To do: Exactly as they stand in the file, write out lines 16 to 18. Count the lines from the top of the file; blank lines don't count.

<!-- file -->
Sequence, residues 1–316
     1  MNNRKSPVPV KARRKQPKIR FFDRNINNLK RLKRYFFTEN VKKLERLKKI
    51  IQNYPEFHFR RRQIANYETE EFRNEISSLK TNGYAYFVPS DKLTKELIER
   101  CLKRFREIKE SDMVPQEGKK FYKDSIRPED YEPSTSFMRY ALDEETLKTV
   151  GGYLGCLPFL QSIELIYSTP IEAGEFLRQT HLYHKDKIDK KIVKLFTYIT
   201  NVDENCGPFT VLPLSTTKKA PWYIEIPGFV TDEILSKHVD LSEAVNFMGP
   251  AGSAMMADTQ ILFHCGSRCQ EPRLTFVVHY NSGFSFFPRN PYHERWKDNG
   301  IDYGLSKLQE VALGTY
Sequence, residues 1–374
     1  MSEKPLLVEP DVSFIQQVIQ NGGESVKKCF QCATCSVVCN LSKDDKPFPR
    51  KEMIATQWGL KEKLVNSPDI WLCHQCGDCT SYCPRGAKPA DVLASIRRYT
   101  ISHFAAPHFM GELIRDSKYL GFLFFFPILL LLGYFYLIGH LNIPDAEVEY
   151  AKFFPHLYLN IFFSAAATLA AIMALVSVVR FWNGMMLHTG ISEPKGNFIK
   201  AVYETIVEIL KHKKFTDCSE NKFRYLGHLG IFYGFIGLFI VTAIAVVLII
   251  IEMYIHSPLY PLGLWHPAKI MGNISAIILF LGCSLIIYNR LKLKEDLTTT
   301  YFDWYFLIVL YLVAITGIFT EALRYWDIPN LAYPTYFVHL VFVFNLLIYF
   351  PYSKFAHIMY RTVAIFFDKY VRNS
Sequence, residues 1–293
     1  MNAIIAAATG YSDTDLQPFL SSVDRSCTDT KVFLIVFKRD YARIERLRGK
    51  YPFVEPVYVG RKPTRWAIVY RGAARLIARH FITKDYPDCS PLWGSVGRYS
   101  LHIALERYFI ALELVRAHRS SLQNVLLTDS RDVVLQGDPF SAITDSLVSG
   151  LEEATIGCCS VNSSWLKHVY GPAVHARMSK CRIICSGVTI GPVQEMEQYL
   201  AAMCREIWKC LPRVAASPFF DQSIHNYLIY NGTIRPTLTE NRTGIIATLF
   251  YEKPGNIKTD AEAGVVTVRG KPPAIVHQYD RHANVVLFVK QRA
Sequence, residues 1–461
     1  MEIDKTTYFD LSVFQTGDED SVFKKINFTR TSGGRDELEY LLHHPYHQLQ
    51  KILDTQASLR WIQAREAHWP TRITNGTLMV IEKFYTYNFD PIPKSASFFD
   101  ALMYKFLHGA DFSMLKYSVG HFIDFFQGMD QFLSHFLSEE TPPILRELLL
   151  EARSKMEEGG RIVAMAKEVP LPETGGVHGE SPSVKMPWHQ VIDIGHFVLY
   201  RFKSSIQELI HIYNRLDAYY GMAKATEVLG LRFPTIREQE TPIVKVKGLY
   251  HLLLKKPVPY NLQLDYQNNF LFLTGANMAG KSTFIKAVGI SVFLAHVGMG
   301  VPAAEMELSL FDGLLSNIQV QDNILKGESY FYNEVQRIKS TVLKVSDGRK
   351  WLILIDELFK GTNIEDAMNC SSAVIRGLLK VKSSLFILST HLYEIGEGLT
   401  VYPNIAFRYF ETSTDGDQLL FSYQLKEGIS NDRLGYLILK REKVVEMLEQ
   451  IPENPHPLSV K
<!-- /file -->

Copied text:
   301  YFDWYFLIVL YLVAITGIFT EALRYWDIPN LAYPTYFVHL VFVFNLLIYF
   351  PYSKFAHIMY RTVAIFFDKY VRNS
Sequence, residues 1–293